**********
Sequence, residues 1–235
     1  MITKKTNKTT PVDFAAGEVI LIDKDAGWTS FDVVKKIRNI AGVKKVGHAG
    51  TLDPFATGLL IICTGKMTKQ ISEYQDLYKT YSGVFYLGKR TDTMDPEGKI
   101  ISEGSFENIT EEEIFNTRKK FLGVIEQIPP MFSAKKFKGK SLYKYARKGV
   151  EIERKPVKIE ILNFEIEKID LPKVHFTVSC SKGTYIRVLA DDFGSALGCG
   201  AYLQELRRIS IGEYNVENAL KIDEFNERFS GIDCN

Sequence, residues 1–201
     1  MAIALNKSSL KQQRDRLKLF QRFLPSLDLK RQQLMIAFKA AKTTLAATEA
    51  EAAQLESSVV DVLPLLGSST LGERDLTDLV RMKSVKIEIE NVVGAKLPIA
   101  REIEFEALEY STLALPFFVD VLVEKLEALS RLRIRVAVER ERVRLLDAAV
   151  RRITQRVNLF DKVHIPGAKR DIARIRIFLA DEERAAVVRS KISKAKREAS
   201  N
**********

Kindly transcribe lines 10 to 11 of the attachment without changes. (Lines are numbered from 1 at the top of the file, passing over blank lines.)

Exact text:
   101  REIEFEALEY STLALPFFVD VLVEKLEALS RLRIRVAVER ERVRLLDAAV
   151  RRITQRVNLF DKVHIPGAKR DIARIRIFLA DEERAAVVRS KISKAKREAS